Zero Time Dilemma Review: It's About Time

The final part of a trilogy is a hard place for a game to occupy, as evidenced by games like Mass Effect 3. The end of any story can make or break the entire experience, so it makes sense that expectations would be at an all-time high, and failure to meet those expectations can forever taint the way people view the series as a whole.  

This, coupled with the fact that the final installment of the Zero Escape series was thought to be cancelled for over a year, meant that fans of the series have a lot to be worried about.  To those fans, I say this: rejoice.  Zero Time Dilemma is out, and it's everything you could have hoped for.

Zero Time Dilemma directly follows the cliffhanger ending of Virtues Last Reward, though it's also a prequel in it's own weird way.  It takes place during a simulated Mars mission fated to go horribly wrong, and that's exactly what happens.  

A masked man who calls himself "Zero the Second" kidnaps the nine participants, splits them into teams of three, and forces them to play a game. While that setup will sound familiar to fans of the series, the stakes have been raised even higher this time: while in the previous game, escape was theoretically possible with all participants, here, the door will only open if six of them die.  The already tense setup is made even more hectic by the final rule: every ninety minutes, the players will be injected with a chemical compound that knocks them out and wipes their short term memory.

The way this memory loss is presented is one of the game's most ingenious mechanics: building on the flowchart system in Virtue's Last Reward, the player is given a random assortment of episodes corresponding to each of the three player characters.  When these episodes take place is uncertain until they've been completed, whereupon you're shown where they fit into the game's branching flowchart.  While this sounds confusing, it does an amazing job of adding to the mystery: nothing is more tense than waking up in an unfamiliar room without one of your team's members, and being forced to wonder if they're still alive.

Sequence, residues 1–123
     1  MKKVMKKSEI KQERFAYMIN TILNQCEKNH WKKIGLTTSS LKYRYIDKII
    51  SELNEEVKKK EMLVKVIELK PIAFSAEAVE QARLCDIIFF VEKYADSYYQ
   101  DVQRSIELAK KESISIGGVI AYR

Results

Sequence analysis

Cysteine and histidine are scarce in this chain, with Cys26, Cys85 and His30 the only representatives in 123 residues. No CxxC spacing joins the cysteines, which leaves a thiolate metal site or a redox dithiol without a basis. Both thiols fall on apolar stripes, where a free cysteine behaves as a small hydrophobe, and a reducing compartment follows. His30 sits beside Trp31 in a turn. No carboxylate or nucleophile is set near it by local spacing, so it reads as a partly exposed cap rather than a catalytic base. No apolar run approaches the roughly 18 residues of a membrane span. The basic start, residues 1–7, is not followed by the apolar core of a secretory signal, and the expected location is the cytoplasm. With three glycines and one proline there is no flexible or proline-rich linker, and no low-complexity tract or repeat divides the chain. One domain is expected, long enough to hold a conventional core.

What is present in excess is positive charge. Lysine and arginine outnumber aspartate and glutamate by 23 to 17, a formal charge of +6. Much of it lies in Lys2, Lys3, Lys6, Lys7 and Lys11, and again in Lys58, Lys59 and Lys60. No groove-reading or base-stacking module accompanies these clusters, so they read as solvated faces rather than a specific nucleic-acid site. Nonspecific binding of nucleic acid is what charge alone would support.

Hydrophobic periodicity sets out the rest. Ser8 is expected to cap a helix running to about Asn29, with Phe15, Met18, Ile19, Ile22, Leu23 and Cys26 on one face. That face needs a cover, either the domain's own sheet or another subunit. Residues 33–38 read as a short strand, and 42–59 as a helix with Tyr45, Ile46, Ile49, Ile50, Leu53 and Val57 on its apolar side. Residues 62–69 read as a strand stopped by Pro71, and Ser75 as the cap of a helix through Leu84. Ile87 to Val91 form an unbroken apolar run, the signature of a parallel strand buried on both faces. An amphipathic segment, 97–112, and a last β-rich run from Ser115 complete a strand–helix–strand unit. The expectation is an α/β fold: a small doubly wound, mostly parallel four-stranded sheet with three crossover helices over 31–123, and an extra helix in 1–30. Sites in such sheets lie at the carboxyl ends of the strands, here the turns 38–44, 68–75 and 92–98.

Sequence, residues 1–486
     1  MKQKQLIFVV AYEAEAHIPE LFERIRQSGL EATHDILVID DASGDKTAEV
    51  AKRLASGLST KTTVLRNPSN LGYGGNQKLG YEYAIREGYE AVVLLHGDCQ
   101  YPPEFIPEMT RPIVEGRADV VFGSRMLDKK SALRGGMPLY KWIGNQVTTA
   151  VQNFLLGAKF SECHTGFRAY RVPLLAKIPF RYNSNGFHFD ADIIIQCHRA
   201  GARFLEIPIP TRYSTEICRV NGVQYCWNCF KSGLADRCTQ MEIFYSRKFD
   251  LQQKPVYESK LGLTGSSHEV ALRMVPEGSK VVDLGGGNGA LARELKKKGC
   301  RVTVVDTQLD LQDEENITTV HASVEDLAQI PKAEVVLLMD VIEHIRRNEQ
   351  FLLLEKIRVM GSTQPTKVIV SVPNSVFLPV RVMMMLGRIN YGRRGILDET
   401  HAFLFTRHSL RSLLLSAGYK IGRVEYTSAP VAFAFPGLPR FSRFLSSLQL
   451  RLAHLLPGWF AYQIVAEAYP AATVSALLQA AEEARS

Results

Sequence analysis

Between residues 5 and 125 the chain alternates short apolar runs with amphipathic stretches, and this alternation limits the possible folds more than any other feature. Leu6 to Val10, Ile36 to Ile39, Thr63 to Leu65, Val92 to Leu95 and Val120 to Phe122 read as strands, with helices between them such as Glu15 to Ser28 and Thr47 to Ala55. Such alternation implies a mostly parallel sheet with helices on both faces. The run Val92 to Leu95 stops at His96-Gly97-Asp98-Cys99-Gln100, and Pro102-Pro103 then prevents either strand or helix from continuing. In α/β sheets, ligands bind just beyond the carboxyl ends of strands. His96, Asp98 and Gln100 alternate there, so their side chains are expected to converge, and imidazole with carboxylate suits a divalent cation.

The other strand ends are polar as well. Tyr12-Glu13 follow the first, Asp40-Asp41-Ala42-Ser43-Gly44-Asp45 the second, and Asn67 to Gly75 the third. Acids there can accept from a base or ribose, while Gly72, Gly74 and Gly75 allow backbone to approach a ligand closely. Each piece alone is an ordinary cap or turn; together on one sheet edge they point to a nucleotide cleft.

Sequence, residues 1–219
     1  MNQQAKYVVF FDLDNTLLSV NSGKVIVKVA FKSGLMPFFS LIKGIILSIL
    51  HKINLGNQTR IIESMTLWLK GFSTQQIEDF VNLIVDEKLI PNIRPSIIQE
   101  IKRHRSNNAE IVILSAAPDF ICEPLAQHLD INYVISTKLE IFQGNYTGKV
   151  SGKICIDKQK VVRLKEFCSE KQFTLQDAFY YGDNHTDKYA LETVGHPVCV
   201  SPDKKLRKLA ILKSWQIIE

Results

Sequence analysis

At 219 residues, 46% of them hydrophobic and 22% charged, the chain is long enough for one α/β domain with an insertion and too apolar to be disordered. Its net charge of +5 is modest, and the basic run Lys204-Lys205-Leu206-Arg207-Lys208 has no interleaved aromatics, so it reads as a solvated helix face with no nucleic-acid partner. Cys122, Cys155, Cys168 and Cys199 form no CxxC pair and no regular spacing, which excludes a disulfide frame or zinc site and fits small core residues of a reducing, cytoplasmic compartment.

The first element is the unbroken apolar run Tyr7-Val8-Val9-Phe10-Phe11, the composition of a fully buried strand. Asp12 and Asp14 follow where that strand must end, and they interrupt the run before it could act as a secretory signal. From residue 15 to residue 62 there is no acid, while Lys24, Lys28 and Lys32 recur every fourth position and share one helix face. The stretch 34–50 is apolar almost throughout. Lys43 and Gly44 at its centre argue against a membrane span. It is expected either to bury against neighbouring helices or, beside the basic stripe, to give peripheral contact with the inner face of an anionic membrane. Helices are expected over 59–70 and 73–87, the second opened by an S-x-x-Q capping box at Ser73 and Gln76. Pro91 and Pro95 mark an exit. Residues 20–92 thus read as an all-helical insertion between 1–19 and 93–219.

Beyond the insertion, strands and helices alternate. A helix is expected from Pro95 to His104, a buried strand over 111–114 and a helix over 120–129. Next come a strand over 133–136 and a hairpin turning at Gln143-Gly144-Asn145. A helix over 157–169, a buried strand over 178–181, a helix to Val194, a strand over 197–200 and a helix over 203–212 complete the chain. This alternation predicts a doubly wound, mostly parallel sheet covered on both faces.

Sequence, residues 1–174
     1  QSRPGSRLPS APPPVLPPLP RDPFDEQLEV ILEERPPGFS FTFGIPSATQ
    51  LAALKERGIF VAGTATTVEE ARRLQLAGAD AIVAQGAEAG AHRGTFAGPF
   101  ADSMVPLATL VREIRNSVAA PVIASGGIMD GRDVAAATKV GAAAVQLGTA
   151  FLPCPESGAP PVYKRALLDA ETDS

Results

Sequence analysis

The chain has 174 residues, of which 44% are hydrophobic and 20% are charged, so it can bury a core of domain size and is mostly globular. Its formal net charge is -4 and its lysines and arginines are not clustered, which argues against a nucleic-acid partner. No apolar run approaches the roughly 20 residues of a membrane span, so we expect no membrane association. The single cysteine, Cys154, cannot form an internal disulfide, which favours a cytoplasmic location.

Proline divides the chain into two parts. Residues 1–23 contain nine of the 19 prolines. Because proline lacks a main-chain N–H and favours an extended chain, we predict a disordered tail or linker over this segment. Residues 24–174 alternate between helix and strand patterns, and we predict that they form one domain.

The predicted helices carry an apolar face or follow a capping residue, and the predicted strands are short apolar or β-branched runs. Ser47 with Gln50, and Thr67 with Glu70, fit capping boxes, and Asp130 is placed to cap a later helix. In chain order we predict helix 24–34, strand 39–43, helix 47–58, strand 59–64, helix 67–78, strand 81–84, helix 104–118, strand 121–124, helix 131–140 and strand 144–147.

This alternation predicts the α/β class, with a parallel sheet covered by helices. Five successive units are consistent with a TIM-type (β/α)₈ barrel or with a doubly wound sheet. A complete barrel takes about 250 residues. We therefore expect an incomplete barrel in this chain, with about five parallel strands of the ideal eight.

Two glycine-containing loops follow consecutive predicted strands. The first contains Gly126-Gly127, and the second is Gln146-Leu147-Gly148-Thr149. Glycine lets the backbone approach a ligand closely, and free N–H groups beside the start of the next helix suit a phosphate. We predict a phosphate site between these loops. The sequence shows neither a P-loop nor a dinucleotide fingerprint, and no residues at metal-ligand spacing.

Another mechanic that separates Dilemma from its predecessors is the inclusion of decisions.  These moments force you to make a difficult, frequently life-or death, choice.  While this isn't anything new to gaming, being a staple of nearly every Telltale game released in the last five years, the context you're given here makes these moments all the more meaningful.

Because of the non-linear nature of the story, you're frequently thrown into decisions without knowing the full context of your choices, making them even more difficult to make.  Also adding to the difficulty of these choices is that they concern the lives of characters fans of the series know and love.

On that note, while Dilemma is very accessible to newcomers, it's very hard to recommend to anyone who hasn't played the first two games.  While the plot is surprisingly easy to follow for a series with such a convoluted timeline, new players will miss out on a lot of the story's subtle nuances.  Not only that, but two of the teams are mostly made up of returning characters, whose interactions contain a lot of nods to previous games that will either go over the heads of new fans or spoil the previous plot twists.  

Zero Time Dilemma, the final game in the Zero Escape trilogy of visual novel/escape the room hybrids, is easily the most polished game in the trilogy.  While Nine Hours Nine Persons Nine Doors had some problems with repetition in the late game, and Virtue's Last Reward had some incredibly difficult and, at times, very unclear puzzles, Zero Time Dilemma feels like a game made by people who not only learned from their mistakes, but tried their best to do better.  Also, the voice acting is top notch, and the music is as good as it's ever been.

There are, however, a few complaints that I do have.  The game looks great on the PlayStation Vita... as long as it's not moving.  Some of the animations look good, but the majority are very unnatural looking, especially in regards to hair and clothing.  The game's reliance on random chance can be a bit frustrating as well.  Because of the random outcomes of some of the decisions, it's entirely possible to reach one of the game's endings in less than ten minutes, in a way that kills the initial momentum.

Fans of Zero Escape, you're in the right timeline: the one where the series gets the spectacular ending it deserves.  Violent, tense, and thought-provoking, this is a game that will keep you up for days while you finish it, than days more while you process what you just saw.  If you haven't picked it up yet, you owe it to yourself to do so now.



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